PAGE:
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The Monday 6 – January 24, 2022

The Monday 6
The Monday 6 – January 24, 2022
By Kyle Petzinger • Issue #43 • View online
Hi there!
Omicron seems to have peaked in most parts of the United States. 📉 Let’s hope the slope of the curve keeps pointing down for a while.
Here are this week’s 6:

1. We Live In A Wordle World
Did anyone else add Wordle to their morning routine?
In case you don’t know, Wordle is a daily word game where the goal is to guess the word of the day in no more than 6 attempts.
Your guesses must be real words. After each guess, the color of the tiles will change to show how close your guess was to the word.
Here are some examples:
Wordle is great because it’s just one word a day, there are no ads, and it’s just a lowly web app. Delightfully simple.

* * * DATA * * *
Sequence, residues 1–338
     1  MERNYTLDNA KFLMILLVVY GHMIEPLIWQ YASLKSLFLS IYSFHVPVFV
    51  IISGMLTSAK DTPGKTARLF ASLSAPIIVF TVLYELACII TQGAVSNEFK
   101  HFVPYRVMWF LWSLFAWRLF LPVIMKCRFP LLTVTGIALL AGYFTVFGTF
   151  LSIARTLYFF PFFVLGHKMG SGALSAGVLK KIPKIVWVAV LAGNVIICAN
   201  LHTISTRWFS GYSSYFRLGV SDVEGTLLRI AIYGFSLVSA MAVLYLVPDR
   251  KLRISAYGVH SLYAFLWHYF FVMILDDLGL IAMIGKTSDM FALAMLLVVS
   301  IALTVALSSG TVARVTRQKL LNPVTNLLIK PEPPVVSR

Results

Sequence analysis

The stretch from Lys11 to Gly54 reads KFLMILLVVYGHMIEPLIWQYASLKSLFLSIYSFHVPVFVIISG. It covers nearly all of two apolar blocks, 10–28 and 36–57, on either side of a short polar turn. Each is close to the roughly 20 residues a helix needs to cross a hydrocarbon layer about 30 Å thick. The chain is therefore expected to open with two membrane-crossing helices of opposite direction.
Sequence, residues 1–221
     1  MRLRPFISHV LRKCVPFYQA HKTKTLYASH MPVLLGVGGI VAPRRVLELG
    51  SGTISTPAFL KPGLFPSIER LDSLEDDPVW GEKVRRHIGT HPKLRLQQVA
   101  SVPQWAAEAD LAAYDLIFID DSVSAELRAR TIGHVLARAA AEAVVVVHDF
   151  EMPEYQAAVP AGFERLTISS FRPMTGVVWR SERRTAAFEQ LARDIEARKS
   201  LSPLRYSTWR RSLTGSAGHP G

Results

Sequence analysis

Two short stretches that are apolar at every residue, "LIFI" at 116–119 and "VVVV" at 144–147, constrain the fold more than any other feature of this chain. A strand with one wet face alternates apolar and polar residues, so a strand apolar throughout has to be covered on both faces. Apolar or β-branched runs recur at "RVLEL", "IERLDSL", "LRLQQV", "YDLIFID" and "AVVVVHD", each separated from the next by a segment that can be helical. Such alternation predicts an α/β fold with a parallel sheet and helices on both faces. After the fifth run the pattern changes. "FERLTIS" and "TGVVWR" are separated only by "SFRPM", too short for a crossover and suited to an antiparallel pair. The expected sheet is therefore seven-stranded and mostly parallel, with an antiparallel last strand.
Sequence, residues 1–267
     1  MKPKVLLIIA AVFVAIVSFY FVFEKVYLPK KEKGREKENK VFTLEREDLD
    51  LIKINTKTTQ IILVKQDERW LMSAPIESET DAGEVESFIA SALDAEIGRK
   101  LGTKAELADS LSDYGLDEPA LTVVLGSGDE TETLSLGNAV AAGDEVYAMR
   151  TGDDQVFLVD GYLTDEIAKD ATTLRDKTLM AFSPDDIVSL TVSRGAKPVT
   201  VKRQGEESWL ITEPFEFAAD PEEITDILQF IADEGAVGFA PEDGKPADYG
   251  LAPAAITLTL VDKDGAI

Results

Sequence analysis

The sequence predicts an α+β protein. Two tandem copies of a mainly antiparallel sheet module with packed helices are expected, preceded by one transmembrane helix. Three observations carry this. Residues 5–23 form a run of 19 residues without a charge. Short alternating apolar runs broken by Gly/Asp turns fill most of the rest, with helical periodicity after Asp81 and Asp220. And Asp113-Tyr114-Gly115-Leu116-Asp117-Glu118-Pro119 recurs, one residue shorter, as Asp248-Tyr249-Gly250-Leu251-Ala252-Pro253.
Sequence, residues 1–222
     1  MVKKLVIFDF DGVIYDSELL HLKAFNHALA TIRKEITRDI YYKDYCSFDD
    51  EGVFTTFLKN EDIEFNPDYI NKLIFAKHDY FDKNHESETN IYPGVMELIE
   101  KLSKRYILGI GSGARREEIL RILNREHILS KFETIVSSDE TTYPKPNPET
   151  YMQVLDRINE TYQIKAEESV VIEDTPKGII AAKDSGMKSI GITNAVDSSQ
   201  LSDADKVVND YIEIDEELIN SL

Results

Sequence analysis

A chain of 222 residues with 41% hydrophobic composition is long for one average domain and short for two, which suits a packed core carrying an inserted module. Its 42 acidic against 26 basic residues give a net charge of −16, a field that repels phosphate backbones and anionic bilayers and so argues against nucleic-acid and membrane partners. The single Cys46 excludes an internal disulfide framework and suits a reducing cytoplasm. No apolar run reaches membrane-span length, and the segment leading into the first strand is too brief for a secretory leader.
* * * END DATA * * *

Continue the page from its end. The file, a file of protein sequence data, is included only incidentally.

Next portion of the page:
On top of that, you can share your results without revealing the words used:
Kyle Petzinger
Wordle 204 6/6


If you like Wordle and want another challenge, give Evil Wordle a spin.
There’s no word set by default. Every time you guess, I look at all possible 5-letter words that would fit all your guesses, and choose the match pattern that results in the most possible words. My goal is to maximize the amount of guesses it takes to find the word.
Kyle Petzinger
Evil Wordle: I won after 9 guesses

2. Being Helpful At Work Can Backfire
I pride myself on being responsive and helpful to anyone who needs it in the workplace. I like being a “go-to” person, but there are some days when my priorities aren’t getting done.
This Fast Company article speaks directly to this issue. From the piece:
This “collaboration overload” can be detrimental not only to our job performance, but our general well-being. It’s crucial that organizations empower their employees to protect their time—and their sanity—so their instinct to be helpful doesn’t cause more harm than good. 
To counteract, the article recommends 4 remedies:
  1. Time blocking
  2. Agenda setting
  3. Standing meetings
  4. Boundaries
There’s a lot more here; I hope you’ll find this helpful if you deal with the same dynamic as I do.